Author Archives: Rob Webley

Equine objects – the horse in artefacts (Part 2)

This is the second part of a post in which we have been considering the horse and rider in artefacts in order to develop our sense of the horse’s contemporary significance. In Part 1 Laura Jones examined a particular object type – a padlock in the form of a horse – for which our knowledge mostly derives from metal-detected finds recorded by the Portable Antiquities Scheme (PAS). In this part Rob Webley continues the analysis of PAS records, considering a copper-alloy sheath chape which features a highly intriguing design.


Chapes are metal components which protected the terminal of a scabbard or a sheath, and, ultimately, the owner from accidental damage from their blade. Chapes made of folded sheet metal, and possessing one attachment arm (such as the one shown below), are usually considered to have come from leather sheaths for knives. Beyond their function, a chape could help decorate a sheath, with openwork details interplaying with the colour of the leather beneath for aesthetic effect. Here the focus is on one of the most highly decorated of a group of folded knife sheath chapes, as on one face a horse and rider are depicted (see image below, to right).

Medieval sheath chape (PAS: SUSS-03FD90) (Image courtesy of the Portable Antiquities Scheme)

Medieval sheath chape (PAS: SUSS-03FD90) (Image courtesy of the Portable Antiquities Scheme)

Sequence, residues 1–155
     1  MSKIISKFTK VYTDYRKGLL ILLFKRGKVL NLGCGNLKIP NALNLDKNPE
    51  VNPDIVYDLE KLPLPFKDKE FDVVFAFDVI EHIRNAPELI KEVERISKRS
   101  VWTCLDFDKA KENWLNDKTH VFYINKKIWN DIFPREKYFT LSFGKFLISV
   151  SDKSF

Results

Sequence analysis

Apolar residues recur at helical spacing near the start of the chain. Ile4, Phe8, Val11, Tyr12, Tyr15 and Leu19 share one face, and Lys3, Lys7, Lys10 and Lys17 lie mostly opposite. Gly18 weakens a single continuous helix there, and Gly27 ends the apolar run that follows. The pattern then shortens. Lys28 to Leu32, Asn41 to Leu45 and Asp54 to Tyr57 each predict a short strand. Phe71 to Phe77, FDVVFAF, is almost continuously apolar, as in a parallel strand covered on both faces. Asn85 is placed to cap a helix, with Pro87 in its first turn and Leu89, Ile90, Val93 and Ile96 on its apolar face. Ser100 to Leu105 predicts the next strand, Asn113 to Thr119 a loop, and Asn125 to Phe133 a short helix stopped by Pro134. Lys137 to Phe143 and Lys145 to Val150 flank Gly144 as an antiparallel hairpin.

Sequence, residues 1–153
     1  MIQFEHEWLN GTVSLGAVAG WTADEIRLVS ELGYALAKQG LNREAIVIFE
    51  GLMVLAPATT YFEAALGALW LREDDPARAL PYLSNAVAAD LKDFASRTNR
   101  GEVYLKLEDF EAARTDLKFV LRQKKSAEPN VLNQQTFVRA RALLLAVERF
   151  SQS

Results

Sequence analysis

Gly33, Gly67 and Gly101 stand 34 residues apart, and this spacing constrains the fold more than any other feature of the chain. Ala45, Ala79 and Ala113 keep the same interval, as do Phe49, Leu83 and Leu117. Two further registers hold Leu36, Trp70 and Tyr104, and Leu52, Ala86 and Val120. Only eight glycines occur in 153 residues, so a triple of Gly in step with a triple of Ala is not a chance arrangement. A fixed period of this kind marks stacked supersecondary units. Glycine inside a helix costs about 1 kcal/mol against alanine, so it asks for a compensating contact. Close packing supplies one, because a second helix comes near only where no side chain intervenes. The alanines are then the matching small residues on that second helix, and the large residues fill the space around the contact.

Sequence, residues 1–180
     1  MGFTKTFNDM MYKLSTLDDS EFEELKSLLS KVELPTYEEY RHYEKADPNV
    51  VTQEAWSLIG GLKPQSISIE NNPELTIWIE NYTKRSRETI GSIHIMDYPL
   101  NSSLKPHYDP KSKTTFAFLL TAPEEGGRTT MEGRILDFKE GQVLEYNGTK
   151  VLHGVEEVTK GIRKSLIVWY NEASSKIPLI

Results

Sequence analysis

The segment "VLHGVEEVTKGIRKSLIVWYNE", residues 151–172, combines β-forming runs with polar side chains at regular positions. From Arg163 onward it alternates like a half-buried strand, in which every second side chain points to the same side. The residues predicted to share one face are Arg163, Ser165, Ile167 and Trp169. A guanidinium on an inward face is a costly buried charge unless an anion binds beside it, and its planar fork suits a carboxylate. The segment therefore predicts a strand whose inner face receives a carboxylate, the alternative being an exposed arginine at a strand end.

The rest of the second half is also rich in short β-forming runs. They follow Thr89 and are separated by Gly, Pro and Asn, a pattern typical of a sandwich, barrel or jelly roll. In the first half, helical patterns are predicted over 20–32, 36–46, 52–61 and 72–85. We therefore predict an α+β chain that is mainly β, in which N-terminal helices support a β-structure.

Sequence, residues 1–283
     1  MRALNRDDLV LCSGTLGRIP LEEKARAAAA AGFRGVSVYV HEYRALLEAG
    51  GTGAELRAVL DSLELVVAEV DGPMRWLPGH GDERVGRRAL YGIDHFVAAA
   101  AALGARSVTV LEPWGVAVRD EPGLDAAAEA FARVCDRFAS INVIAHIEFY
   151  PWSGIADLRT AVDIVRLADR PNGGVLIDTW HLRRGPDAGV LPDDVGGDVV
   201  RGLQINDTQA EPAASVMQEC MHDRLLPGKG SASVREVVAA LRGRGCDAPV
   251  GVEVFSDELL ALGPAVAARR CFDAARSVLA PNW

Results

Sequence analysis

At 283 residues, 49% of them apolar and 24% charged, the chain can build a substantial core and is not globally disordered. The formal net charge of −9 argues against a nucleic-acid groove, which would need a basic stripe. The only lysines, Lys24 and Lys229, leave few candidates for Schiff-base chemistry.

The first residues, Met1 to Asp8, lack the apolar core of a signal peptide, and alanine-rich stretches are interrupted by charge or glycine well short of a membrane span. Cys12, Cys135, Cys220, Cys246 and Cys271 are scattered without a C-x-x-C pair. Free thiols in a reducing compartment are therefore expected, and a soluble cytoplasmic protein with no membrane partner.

Although these chapes from knife sheaths, being folded, featured two faces which could be decorated, only this single type seems to have borne two different designs. Recently classified by museum officer and researcher Ben Bishop (2020) within his Class D, we will concern ourselves only with the face that shows a knight on a horse, the other face having been subject to various interpretations. In the following description of the knightly scene my own interpretation is offered: even on the clearest example of such a chape, found at Angel Court in the City of London, the features may be construed in different ways. This interpretation is shown in the coloured image below: the knight has a pointed helmet, carries a kite-shaped shield on their left arm and wears protective clothing – possibly a gambeson (a padded jacket) – which is visible below the shield. In their right hand they hold a battle axe, the shaft of which rests on their shoulder. The horse’s forelegs rest on the ground such that the rider’s feet virtually touch the ground. I have emphasised the horse’s harness, with the reins held by the rider in their left hand and with both a breast- and rear-band attached to the saddle to give it stability. This is a different interpretation to those who have suggested that marks on the horse’s flanks might represent a caparison (protective cloth covering) – a point to which we will return.

Interpretation of the design of a medieval sheath chape (PAS: SUSS-03FD90) (Image courtesy of the Portable Antiquities Scheme)

Interpretation of the design of a medieval sheath chape (PAS: SUSS-03FD90) (Image courtesy of the Portable Antiquities Scheme)